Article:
Tuesday, August 20, 2013

Dealing With Desires

Question : What is the best way of dealing with desires, with a view to getting rid of them — satisfying them or suppressing them? 

Bhagavan: If a desire can be got rid of by satisfying it, there will be no harm in satisfying such a desire. But desires generally are not eradicated by satisfaction. Trying to root them out that way is like pouring spirits to quench fire. At the same time, the proper remedy is not forcible suppression, since such repression is bound to react sooner or later into forceful surging up with undesirable consequences. The proper way to get rid of a desire is to find out “Who gets the desire? What is its source?” When this is found, the desire is rooted out and it will never again emerge or grow. Small desires such as the desire to eat, drink and sleep and attend to calls of nature, though these may also be classed among desires, you can safely satisfy. They will not implant vasanas in your mind, necessitating further birth. Those activities are just necessary to carry on life and are not likely to develop or leave behind vasanas or tendencies. As a general rule, therefore, there is no harm in satisfying a desire where the satisfaction will not lead to further desires by creating vasanas in the mind.

Monday, August 19, 2013

If you can hold on to this knowledge 'I am Self' at all times, no further practice is necessary.
Meditation must be continuous. The current of meditation must be present in all your activities. With practice, meditation and work can go on simultaneously
Continuous attentiveness will only come with long practice. If you are truly watchful, each thought will dissolve at the moment that it appears. But to reach this level of disassociation you must have no attachments at all. If you have the slightest interest in any particular thought, it will evade your attentiveness, connect with other thoughts, and take over your mind for a few seconds; and this will happen even more if you are accustomed to reacting emotionally to a particular thought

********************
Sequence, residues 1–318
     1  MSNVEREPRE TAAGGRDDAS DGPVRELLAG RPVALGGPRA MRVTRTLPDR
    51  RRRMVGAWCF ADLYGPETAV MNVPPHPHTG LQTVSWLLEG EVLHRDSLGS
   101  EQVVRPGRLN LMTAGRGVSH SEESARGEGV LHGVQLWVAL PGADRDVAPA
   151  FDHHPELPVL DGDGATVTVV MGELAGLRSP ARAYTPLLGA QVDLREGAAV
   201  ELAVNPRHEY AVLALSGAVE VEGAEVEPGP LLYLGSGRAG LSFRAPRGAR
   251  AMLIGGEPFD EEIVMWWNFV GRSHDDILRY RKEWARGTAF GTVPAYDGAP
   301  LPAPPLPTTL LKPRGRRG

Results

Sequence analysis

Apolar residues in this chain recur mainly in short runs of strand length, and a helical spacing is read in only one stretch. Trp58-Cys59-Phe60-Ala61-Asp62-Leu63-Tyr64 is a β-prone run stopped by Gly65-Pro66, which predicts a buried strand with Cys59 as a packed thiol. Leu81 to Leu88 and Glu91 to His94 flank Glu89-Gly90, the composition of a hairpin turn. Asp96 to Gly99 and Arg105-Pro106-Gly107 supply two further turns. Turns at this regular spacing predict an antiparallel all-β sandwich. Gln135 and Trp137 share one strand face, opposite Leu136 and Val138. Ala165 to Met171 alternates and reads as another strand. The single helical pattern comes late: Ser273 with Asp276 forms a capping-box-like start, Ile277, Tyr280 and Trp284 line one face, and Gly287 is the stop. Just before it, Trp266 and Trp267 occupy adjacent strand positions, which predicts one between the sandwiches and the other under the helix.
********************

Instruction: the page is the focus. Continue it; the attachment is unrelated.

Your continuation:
In every moment you only have one real choice: to be aware of the Self or to identify with the body and the mind
You have to keep up the enquiry, 'To whom is this happening?' all the time. If you are having trouble remind yourself, 'This is just happening on the surface of my mind. I am not this mind or the wandering thoughts.' Then go back into enquiry 'Who am I?'. By doing this you will penetrate deeper and deeper and become detached from the mind. This will only come about after you have made an intense effort
There are so many thoughts in the mind. Thought after thought after thought. But there is one thought that is continuous, though it is mostly sub-conscious: 'I am the body'. This is the string on which all other thoughts are threaded. Once we identify ourselves with the body by thinking this thought, maya follows. It also follows that if we cease to identify with the body, maya will not affect us anymore
The obstructing vasanas [mental habits and tendencies] may look like a large mountain which obstructs your progress. Don't be intimidated by the size. It is not a mountain of rock, it is a mountain of camphor. If you light one corner of it with the flame of discriminative attention, it will all burn to nothing. Stand back from the mountain of problems, refuse to acknowledge that they are yours, and they will dissolve and disappear before your eyes
Give up your life-long habit of inventing an 'I' which claims all thoughts as 'mine'. Be conscious of yourself as consciousness alone, watch all the thoughts come and go
Watch the thoughts come and go without identifying with them in any way. If you can resist the impulse to claim each and every thought as your own, you will come to a startling conclusion: you will discover that you are the consciousness in which the thoughts appear and disappear. You will discover that this thing called mind only exists when thoughts are allowed to run free
The Self is always attained, it is always realised, it is not something that you have to seek, reach or discover. Your vasanas, the mental habits and tendencies, and all the wrong ideas you have about yourself, are blocking and hiding the experience of the real Self. If you don't identify with the wrong ideas, your Self-nature will not be hidden from you
Stop identifying with the 'ego'. If you can convince yourself: "This 'little self' is not really me", it will just disappear. The 'ego' is something which only appears to be real. If you can understand that it has no real existence, it will disappear, leaving behind it the experience of the real and only Self. If you can understand that this 'ego' never at any time had any existence outside your imagination, you will not be concerned about ways and means of getting rid of it
When the rejection of mental activities becomes continuous and automatic, you will begin to have the experience of the Self.
Bhagavan's famous instruction 'summa iru' [be still] is often misunderstood. It does not mean that you should be physically still, it means that you should always abide in the Self. In sattva guna [a state of mental quietness and clarity] there is stillness and harmony. If mental activity is necessary while one is in sattva guna it takes place. But for the rest of the time there is stillness. If sattva guna predominates one experiences peace, bliss, clarity and an absence of wandering thoughts. That is the stillness that Bhagavan was prescribing